One common complaint raised about car-oriented transit is that it is fixated on ‘flow’. Conventional road projects are generally designed to move vehicles, with less concern for the local social dynamics affected by that flow. This means that a large (wide) road is deemed successful if it is able to keep traffic flowing at desirable speeds; when flow is king, the people outside the cars simply do not matter. There are many obvious reasons why this is bad for the community around such a road, but if flow is not the desired outcome of a transportation project then what is?
The question of what we want out of our transit systems gets far too little attention from those concerned about the politics of transit. Many people already ascribe to a view; they may think that flow is desirable (they don’t like to wait in traffic) or instead they might shake their fists at all the passing cars and think how all this flow is ruining their surroundings. But this typically degenerates into a battle between car owners and pedestrians, and these sort of battles rarely end in satisfactorily. It seems that when two large portions of our society are at odds about how to proceed, the only fair path is to rethink the premises that got us to such an impasse. The question I think we should be asking is why we want to build the transit system in the first place?
The simple answer to the above question just goes back to the idea of traffic flow; we want to build a transit system because we want to move people and things. But this doesn’t even seem like a step beyond the question for traffic flow; the fact that movement is important is assumed in the very idea of a transit system. The deeper question we want to ask is why we want to facilitate the movement of people and things; this challenges us to think about the sorts of things we value in life. Such a question also forces everyone to do a new calculation about the cost and benefits of various transit systems. At some point of efficiency, the transit system will destroy the very mode of living that we value; because it is not simply the movement that we value but something which that movement facilitates, it is possible for an increase in movement to lead to a decrease in quality of life. So, even though adding another lane to a road may increase flow (and thus be called an “improvement” in the eyes of the traffic engineers) it could actually harm everyone involved. At some point, being able to move across town a little faster is no longer worth it, especially if you have to destroy the town in the process.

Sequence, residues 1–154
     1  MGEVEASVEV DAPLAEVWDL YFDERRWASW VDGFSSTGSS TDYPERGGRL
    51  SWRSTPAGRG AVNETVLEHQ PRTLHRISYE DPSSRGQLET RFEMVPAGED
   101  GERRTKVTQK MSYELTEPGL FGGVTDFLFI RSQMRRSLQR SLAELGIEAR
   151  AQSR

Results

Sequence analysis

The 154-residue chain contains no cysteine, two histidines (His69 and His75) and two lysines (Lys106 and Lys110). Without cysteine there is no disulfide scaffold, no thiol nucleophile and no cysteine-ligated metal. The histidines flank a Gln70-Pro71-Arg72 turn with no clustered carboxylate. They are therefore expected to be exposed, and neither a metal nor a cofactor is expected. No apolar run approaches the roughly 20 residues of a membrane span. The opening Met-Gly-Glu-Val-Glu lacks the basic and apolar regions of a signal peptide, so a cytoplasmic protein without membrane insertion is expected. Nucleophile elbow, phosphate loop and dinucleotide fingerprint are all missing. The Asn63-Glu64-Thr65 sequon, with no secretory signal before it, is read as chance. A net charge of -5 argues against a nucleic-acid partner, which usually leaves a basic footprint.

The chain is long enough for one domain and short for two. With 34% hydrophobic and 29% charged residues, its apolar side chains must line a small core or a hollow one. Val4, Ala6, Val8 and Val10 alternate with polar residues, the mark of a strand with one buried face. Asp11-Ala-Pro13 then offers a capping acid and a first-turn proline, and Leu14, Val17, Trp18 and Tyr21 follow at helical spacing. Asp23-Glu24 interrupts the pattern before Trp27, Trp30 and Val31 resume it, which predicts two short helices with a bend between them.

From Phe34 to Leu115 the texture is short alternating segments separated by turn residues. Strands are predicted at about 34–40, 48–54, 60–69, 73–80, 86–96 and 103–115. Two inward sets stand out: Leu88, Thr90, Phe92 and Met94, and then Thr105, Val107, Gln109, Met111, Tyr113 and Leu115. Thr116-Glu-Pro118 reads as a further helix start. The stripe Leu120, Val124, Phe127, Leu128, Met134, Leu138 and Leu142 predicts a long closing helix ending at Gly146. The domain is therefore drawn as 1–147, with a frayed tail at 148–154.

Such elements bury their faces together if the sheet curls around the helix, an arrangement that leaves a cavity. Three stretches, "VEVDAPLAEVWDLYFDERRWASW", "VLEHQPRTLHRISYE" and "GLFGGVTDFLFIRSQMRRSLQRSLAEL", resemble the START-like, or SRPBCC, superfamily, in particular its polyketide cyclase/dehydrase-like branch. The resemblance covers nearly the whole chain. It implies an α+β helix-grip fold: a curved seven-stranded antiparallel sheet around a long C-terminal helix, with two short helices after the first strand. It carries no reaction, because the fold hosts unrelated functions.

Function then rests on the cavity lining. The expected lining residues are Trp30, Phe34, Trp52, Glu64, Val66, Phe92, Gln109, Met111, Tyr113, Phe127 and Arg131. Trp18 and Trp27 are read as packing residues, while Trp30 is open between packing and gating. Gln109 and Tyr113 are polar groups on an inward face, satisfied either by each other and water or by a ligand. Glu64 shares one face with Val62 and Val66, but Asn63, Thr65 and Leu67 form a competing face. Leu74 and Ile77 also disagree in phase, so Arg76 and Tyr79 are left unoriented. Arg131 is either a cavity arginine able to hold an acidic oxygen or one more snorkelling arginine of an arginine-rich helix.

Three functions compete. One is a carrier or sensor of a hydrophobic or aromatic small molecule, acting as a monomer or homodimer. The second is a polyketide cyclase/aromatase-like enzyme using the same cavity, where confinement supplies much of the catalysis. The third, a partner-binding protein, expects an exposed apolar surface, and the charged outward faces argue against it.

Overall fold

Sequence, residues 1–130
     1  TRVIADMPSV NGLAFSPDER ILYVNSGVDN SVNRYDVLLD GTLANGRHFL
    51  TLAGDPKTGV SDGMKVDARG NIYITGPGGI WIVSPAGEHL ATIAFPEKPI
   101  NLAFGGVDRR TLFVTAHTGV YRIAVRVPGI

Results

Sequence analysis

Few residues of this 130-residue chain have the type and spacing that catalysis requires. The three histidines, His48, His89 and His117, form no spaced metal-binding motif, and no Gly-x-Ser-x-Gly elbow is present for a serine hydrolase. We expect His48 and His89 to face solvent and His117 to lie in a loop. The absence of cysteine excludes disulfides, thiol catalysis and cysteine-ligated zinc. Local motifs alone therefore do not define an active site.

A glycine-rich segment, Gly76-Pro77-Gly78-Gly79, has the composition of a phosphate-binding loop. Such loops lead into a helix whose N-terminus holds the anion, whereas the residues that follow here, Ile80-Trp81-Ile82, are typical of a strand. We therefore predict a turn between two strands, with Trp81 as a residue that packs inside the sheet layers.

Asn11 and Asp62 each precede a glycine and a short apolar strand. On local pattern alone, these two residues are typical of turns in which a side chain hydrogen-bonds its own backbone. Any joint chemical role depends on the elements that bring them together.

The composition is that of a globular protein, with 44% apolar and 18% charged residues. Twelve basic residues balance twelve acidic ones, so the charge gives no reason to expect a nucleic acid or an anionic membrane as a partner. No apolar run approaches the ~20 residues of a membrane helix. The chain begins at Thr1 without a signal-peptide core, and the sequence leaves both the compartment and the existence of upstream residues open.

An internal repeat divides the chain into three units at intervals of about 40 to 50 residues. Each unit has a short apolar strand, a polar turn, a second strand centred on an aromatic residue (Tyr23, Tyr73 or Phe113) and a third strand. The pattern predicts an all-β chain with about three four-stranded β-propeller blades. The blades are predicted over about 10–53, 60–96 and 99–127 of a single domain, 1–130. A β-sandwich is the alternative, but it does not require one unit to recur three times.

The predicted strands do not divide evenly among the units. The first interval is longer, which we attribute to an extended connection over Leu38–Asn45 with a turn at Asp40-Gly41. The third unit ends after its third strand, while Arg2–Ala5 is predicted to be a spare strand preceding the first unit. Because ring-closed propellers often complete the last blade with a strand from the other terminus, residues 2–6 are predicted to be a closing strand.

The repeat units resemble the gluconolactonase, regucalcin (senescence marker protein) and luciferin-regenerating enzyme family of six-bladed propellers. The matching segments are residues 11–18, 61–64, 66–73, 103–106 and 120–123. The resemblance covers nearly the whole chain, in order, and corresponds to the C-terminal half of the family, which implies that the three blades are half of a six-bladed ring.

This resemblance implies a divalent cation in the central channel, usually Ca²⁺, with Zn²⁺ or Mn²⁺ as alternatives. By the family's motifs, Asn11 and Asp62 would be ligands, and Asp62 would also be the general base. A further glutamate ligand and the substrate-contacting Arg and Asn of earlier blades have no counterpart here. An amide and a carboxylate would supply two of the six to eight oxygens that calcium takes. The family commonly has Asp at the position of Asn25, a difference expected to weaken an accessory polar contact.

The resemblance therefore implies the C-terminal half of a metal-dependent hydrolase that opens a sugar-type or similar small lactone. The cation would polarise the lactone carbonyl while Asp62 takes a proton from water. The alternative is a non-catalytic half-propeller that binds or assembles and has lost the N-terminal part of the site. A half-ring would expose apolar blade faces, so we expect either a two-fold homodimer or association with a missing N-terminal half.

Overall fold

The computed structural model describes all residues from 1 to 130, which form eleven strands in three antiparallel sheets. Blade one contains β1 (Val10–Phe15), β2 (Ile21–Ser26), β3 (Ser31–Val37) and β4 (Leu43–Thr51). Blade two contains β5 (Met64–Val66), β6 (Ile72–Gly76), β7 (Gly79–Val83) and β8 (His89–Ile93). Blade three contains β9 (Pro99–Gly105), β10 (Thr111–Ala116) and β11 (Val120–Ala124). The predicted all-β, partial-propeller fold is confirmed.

The above is all very abstract, but it needs to be this way because I don’t know how much flow is worth in relation to quality of life. I suspect it isn’t worth much, but this should be an empirical question; we need to start thinking about how movement is necessary for a happy and fulfilling life.